by Mitch Kokai
Senior Political Analyst, John Locke Foundation
Many people in Washington these days pretend to be wary of the subject of Donald Trump’s possible impeachment before they call for it. We all agree the odds of the House of Representatives impeaching the president are, at the moment, negligible. This makes impeachment talk fanciful at best. Among Democrats, views range from a Beach Boys–like “maybe if we think and wish and hope and pray, it might come true” to “we have to wait till next year.” As for Republicans, they have repackaged a phrase from an earlier era: You can have our president when you pry him from our cold dead fingers….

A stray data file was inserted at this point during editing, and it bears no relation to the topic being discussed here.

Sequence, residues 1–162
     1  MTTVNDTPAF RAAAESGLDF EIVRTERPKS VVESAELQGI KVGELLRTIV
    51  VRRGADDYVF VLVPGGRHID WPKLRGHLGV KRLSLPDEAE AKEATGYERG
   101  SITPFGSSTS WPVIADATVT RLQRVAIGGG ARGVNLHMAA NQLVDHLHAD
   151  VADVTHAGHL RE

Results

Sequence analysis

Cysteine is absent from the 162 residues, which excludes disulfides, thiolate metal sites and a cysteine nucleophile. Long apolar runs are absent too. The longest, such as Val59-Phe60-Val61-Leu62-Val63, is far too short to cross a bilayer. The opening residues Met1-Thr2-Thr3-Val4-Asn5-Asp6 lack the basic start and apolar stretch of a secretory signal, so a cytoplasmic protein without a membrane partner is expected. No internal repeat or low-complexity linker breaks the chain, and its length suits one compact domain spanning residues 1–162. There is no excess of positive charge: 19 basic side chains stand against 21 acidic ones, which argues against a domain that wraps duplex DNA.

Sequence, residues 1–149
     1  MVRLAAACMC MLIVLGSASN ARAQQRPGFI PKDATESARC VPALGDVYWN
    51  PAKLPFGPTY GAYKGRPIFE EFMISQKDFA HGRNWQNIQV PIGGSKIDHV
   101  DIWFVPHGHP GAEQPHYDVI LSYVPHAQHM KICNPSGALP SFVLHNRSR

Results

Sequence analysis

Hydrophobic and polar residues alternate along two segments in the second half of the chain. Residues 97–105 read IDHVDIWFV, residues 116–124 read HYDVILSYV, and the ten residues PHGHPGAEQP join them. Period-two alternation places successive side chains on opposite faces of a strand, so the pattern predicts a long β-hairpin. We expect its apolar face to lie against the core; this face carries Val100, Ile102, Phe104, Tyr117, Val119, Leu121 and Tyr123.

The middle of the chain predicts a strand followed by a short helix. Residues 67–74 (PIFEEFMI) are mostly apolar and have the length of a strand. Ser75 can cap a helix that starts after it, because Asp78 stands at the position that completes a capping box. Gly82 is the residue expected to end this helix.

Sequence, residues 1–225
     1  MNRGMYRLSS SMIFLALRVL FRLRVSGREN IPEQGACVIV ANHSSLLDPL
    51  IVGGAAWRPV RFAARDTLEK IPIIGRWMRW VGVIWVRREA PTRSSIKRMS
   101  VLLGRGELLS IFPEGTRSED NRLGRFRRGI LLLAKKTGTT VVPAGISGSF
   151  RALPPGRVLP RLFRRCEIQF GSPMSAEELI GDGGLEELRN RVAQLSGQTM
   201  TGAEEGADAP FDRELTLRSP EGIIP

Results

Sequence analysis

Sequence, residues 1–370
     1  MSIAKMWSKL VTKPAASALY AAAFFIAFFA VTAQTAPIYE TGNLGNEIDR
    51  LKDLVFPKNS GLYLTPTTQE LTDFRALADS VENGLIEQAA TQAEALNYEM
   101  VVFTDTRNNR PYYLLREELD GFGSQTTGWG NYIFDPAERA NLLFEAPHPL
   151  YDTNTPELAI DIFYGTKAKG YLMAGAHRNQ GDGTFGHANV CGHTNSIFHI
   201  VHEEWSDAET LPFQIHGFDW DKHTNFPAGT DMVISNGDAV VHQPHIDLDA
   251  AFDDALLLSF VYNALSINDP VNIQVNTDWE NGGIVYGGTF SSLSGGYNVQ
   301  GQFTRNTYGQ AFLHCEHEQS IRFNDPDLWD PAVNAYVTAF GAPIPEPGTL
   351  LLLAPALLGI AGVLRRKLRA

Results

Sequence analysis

Impeachment talk flames up whenever news from the chattering class’s number-one topic—the legal difficulties of the president, from Stormy Daniels to Russian conspirators—briefly runs dry. The thought of impeachment is much more stimulating to a Washingtonian than trying to figure out why Obamacare premiums are rising or whether the preliminary revenue projections from tax reform are likely to prove accurate. Scandal junkies construct timelines of obscure, unrelated events of unknown importance involving marginal figures (Did George Papadopoulus meet with Joseph Misfud in London before or after Sam Clovis recruited Carter Page for the Trump campaign???). The convoluted narratives compensate for the fact that none of us has so far uncovered anything that might carry a hint of a whisper of an offense that could incriminate Trump—none of us, that is, but Robert Mueller and his band of Javerts. And maybe not even them.